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It has always been my understanding that the Netherlands lost control of the seas because of land wars against France, especially Louis XIV, and because of the difficulties involved in holding possessions in America and the Indies.

But I read in an article (Article: "Venice, maritime superpower", in 'War History', July-August 2019 *) that philosophical and juridical reasons led the Netherlands to consider the impossibility of controlling the seas, and that they only managed to control the commercial lines.

Is this true, and what are these reasons? I am open to other suggestions, but if those juridical and philosophical reasons are any part of the causes, I would like to know them.


* Regarding 'War History': A magazine whose native tongue is not English. It did just mention "the Netherlands did not achieve the control of the sea because of philosophical and juridical reasons". The article is not available on the internet, so I have no link. And for information, the article was about Venice, so no link with the part they made about the Netherlands

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    Did you notice the spelling of my name? It's Dutch and Fries. Please link the article regardless of what language it's in - in the question, as comments are ephemeral and subject to arbitrary deletion at any time by moderators. – Pieter Geerkens Aug 17 '19 at 18:55
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    I would suggest another reason: the wars with England. See "Anglo-Dutch wars" on Wikipedia. – Alex Aug 18 '19 at 18:36
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    Possibly the Netherlands never had control of the seas and so never lost it for juridical or other reasons. The Netherlands may have had the most powerful navy and the largest merchant fleet at one time, but that does not translate into total control of all the oceans. – MAGolding Aug 18 '19 at 19:06
  • Why did these advantages were not conserved? – totalMongot Aug 21 '19 at 18:34
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    @totalMongot - Try reading up on Grotius, the "Father of International Law" (meaning maritime trade law in some contexts) and refer to late-16th / early-17th century dispute by the Dutch themselves (I cannot keep track of the provinces). This 1930 article could be a good starting point. Unfortunately I don't answer "legal history" questions given so much expertise here. Good luck. – J Asia Aug 24 '19 at 7:54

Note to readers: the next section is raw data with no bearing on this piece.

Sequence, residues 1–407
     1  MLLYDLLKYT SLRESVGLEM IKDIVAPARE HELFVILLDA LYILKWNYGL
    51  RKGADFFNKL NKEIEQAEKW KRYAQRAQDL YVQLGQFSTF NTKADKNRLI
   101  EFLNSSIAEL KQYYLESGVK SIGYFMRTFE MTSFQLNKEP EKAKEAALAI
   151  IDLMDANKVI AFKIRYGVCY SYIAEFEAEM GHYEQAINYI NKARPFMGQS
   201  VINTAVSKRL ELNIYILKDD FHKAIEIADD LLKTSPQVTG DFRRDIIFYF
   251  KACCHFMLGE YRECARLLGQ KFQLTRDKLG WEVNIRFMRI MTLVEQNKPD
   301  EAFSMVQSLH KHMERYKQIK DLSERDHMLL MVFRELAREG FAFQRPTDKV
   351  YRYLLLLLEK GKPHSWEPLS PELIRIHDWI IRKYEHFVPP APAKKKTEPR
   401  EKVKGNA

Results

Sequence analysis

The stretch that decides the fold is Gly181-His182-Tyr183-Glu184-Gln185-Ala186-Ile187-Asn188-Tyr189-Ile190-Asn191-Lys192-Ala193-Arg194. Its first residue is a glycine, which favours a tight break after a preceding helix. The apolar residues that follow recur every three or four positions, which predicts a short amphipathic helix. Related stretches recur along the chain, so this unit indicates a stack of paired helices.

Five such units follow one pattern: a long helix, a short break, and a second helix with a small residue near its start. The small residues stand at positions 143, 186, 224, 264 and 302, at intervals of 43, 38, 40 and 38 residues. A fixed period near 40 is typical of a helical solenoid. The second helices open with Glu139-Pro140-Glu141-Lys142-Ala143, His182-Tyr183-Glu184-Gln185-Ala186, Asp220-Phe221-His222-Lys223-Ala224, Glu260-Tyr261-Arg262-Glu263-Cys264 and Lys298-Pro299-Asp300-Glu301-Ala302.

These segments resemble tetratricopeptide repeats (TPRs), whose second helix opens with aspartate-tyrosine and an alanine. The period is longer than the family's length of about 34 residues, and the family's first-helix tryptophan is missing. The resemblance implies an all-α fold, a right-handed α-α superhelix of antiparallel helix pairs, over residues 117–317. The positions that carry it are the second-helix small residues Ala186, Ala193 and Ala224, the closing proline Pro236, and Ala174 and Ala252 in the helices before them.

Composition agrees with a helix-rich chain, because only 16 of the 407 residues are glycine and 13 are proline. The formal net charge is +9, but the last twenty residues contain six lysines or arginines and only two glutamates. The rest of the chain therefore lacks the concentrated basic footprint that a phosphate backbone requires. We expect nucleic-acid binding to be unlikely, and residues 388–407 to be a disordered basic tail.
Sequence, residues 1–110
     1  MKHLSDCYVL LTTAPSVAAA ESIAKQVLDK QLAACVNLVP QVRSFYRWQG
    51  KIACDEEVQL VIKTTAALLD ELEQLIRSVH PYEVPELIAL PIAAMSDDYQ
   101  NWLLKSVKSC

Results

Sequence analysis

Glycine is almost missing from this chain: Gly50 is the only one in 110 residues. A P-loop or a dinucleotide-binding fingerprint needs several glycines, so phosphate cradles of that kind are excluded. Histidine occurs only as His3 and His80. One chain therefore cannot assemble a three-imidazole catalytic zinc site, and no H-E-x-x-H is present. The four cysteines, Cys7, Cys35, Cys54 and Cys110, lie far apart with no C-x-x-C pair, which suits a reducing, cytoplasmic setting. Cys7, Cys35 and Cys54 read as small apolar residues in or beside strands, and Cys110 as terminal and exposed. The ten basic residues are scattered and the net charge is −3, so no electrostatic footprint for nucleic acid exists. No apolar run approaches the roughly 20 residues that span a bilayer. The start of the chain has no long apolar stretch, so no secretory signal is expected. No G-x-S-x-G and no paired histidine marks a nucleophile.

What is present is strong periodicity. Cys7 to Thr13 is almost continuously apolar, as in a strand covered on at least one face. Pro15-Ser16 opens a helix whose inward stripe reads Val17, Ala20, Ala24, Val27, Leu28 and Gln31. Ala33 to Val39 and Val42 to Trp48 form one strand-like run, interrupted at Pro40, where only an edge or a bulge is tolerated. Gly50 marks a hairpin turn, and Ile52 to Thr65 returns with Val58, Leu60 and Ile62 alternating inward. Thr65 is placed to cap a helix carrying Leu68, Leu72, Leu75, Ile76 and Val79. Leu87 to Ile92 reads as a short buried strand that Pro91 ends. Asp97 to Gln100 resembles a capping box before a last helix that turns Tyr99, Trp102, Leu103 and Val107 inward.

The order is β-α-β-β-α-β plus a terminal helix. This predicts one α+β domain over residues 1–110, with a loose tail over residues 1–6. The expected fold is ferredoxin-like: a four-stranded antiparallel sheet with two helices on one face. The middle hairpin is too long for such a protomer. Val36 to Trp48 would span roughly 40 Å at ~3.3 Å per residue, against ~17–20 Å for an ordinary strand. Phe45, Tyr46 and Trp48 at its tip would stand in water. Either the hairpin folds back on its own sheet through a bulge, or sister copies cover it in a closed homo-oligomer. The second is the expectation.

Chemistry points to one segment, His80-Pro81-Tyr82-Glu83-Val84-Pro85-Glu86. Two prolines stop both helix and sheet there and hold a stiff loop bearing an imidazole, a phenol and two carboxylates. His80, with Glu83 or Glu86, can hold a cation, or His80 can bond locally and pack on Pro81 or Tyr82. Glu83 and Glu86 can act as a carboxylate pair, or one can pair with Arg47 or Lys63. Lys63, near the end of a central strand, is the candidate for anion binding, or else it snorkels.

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The Dutch lost control of the seas in spite of, not because of, their "juridical" strengths. They had a different, more enlightened view of the "Law of the Sea", which they were ultimately unable to "enforce" against stronger countries.

Specifically, Dutch philosophers such as Grotius, called for "open" seas for all countries, and thereby equal (commercial) opportunity. "Middle" powers, such as the King of Sweden favored his views.

On the other hand, more powerful countries reacted negatively because wanted to "carve up" large parts of the seas for themselves. Spain, for one, claimed the whole pacific Ocean for its own. More serious contenders were countries like the U.K., and France. The relative "lack of size" of the Netherlands (compared to the others), included the relative shallowness of her internal waterways, that led to the use of the shallow-drafted fluyt, which eventually declined in value compared to others' men of war, as a commenter noted below.

Ultimately, Dutch views prevailed during "peacetime" with regards to maritime law, but stronger countries were able to enforce more restrictive measures during wartime.

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    Did it ever occur that perhaps the Dutch ascendancy declined just as the fluyt became obsolete as a first class ship-of-war - yet was still favoured, due to its shallow draft, by Dutch merchants as being navigable in their shallow canals and other waterways? – Pieter Geerkens May 3 at 5:29
  • @Pieter Geerkens: That was certainly a factor. But I would argue that it was basically symptomatic of the overall issue, the relative size (in land area, population, and the shallowness of the internal waterways) of the Netherlands vs. the U.K. and France. That led to their "juridical" strength and military weakness. I took the liberty of incorporating your excellent comment into my (revised) answer. – Tom Au May 3 at 17:19
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I'm inclined to write an answer with a different tone to that of the other one: namely, the Dutch never had control of the seas and as such they couldn't lose it.

The strategic options that a naval power has include the control of the seas, denying the seas to the enemy, or, in essence, fighting on an equal footing (i.e., not using overpowering numbers to prevent an enemy from taking to the seas but also not using asymmetrical forces to prevent the enemy from sailing and slugging it out until a victor emerges in battle after battle).

The three 'classic' examples that are generally given for 'control of the seas' are those of Athens in the Peloponnesian War, the United Kingdom from Trafalgar to 1914, and the United States in the later part of the 20th century.